Doctor of Philosophy
School of Geosciences
Dickson, Mark Edward, The development of rock coast morphology on Lord Howe Island, Australia, Doctor of Philosophy thesis, School of Geosciences, University of Wollongong, 2002. http://ro.uow.edu.au/theses/1987
Lord Howe Island, situated 600 k m east of Australia, provides a unique opportunity to study the development of rock coast landforms and the long-term planation of an oceanic island. The island is a remnant of a large shield volcano that was built by late-Miocene hotspot volcanism. Since this time, the island has gradually migrated northward into warmer seas, and marine planation, operating at a decreasing rate over time, has reduced the island to a vestige of the original volcano.
Lord Howe Island currently lies at the southern limit to coral growth. A fringing coral reef has developed on only the western side of the island, such that one side of the island is very effectively sheltered from wave attack, while the other side is exposed to waves of unlimited fetch. The contrast between landforms on each of these coastlines provides a clear illustration of the importance of wave erosion in rock coast evolution: the reef-protected coastline consists of depositional beaches, vegetated hillslopes, diminutive cliffs, and basalt shore platforms that are veneered with talus, whereas the exposed coastline includes precipitous basalt cliffs up to 800 m high that are plunging or have cliff-foot talus slopes, and cliffs 200 m or less high that have actively eroding shore platforms. Variation in rock resistance also exerts a clear control on coastal morphology at Lord Howe Island. Rock resistance was assessed through Schmidt Hammer testing as well as measurements taken on discontinuities within rocks, and wave characteristics were assessed with bathymetric data and data on the local wave climate.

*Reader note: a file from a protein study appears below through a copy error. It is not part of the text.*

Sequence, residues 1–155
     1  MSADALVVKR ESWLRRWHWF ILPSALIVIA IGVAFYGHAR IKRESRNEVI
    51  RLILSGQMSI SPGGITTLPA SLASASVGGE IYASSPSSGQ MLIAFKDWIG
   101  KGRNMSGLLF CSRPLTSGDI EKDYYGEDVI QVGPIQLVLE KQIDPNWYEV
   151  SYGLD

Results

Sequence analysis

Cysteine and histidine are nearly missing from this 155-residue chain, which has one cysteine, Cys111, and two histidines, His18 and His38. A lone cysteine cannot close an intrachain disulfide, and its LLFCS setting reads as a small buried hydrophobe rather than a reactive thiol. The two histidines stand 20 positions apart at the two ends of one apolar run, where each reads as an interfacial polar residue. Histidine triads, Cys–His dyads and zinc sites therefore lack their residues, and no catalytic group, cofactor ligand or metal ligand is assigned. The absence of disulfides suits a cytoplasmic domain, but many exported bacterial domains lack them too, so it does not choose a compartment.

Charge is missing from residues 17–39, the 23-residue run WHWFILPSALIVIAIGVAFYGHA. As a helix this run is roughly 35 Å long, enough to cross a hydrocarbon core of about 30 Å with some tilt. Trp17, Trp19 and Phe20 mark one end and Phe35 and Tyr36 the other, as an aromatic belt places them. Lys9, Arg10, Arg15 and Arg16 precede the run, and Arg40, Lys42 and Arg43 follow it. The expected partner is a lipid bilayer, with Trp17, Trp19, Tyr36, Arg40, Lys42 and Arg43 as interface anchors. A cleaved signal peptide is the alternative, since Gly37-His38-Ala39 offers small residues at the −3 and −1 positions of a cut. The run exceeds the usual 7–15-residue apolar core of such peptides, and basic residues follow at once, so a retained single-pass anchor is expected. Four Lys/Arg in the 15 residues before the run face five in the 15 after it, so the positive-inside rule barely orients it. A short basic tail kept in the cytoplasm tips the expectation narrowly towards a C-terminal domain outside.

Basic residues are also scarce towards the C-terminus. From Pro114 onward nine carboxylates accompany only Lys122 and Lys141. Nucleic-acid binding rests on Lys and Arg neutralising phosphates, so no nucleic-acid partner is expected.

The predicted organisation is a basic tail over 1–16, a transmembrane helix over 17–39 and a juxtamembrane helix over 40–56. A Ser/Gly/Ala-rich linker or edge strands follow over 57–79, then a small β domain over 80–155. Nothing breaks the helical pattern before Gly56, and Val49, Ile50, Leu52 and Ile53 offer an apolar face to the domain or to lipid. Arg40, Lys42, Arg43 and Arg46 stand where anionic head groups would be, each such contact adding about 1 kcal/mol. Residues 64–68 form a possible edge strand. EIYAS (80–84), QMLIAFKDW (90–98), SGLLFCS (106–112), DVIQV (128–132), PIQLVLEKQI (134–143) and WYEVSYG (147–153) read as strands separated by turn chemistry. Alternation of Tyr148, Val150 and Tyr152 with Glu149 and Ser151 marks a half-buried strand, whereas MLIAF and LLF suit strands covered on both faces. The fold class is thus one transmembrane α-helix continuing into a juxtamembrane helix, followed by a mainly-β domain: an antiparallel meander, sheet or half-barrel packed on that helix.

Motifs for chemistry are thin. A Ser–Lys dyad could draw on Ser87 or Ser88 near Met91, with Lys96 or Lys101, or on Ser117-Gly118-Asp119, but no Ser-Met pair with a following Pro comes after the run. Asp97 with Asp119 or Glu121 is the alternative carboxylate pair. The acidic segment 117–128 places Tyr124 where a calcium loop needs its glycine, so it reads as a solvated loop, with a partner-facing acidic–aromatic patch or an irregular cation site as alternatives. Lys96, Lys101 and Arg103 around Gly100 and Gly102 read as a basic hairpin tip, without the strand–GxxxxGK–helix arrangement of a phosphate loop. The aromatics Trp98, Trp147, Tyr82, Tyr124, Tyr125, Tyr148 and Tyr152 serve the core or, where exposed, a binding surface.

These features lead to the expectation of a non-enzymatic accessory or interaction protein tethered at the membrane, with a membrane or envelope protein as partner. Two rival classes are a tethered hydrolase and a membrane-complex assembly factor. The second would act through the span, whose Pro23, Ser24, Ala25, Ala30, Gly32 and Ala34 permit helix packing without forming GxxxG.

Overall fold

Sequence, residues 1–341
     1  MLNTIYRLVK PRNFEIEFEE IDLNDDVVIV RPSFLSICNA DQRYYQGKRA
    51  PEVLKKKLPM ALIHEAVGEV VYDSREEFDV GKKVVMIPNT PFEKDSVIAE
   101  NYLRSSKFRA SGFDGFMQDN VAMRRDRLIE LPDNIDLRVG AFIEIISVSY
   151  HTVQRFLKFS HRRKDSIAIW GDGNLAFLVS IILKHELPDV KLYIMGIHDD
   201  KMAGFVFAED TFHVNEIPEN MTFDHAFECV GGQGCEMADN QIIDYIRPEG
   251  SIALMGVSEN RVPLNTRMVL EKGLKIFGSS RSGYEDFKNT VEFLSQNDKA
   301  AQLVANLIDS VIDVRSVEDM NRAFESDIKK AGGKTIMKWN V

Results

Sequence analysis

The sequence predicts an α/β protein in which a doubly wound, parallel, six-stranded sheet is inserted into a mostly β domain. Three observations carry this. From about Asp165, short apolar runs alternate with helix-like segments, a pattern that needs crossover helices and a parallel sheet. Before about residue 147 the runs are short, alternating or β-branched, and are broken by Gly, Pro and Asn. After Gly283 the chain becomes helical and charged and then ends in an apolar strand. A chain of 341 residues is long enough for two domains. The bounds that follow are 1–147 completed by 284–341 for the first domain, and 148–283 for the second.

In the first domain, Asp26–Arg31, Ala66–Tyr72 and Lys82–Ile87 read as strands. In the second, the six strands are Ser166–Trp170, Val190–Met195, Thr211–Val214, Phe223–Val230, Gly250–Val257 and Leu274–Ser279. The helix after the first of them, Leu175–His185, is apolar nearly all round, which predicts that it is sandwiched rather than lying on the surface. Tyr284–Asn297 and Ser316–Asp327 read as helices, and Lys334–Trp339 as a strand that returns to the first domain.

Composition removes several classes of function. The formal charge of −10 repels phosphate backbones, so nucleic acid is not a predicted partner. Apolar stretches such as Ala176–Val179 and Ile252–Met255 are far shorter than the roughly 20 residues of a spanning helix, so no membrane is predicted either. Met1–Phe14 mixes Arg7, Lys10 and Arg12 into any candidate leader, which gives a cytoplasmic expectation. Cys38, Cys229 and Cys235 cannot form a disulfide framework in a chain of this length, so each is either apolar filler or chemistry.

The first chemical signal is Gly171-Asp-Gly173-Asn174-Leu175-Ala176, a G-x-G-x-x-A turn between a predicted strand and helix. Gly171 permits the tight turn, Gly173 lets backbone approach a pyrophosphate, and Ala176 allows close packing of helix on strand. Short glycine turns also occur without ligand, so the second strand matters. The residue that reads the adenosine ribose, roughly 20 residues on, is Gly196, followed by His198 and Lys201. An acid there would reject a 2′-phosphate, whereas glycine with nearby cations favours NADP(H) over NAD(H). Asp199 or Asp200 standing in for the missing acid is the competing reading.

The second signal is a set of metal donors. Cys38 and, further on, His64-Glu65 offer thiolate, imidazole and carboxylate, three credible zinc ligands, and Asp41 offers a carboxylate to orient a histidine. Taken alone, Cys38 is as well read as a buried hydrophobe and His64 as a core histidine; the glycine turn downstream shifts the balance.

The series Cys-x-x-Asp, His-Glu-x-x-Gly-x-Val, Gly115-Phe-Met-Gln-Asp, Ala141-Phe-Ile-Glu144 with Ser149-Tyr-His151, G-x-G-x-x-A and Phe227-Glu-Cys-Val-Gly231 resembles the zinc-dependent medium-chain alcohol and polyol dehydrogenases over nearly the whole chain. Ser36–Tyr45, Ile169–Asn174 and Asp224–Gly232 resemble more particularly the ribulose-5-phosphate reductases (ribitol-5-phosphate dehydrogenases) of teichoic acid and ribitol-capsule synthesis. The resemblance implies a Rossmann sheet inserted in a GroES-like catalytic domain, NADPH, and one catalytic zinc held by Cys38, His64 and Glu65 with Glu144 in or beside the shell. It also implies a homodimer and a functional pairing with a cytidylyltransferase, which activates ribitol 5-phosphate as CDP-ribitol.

At Lord Howe Island, talus slopes occur beneath cliffs where a critical size of cliff face has supplied sufficient talus to offset wave abrasion and removal of talus during the Holocene highstand. Plunging cliffs or shore platforms occur where source areas are smaller. In some areas, a critical depth of water prevents waves from breaking against the cliff face and plunging cliffs occur irrespective of rock resistance. Where water depths are shallower, however, plunging cliffs only exist if the resistance of rocks exceeds the assailing force of waves. In this respect, time is a crucial factor, as rock resistance is gradually degraded by weathering processes.
Type B shore platforms have developed along sections of coast where the assailing force of waves has exceeded rock resistance. There is a close positive correlation between the elevation of shore platforms and nearshore water depth, and this indicates the important role of breaking waves in shore platform formation at Lord Howe Island. Several other factors indicate that platforms at Lord Howe Island have been strongly influenced by wave erosion, particularly the fact that platforms on the exposed coastline are wider than platforms on the lagoonal coastline. However, weathering processes become more important as platform width increases, and platforms become lower and flatter as they become wider. This thesis proposes a four-stage model of Type B, microtidal shore platform development at Lord Howe Island. The model attempts to synthesise divergent hypotheses in the literature with a time-based perspective of platform evolution.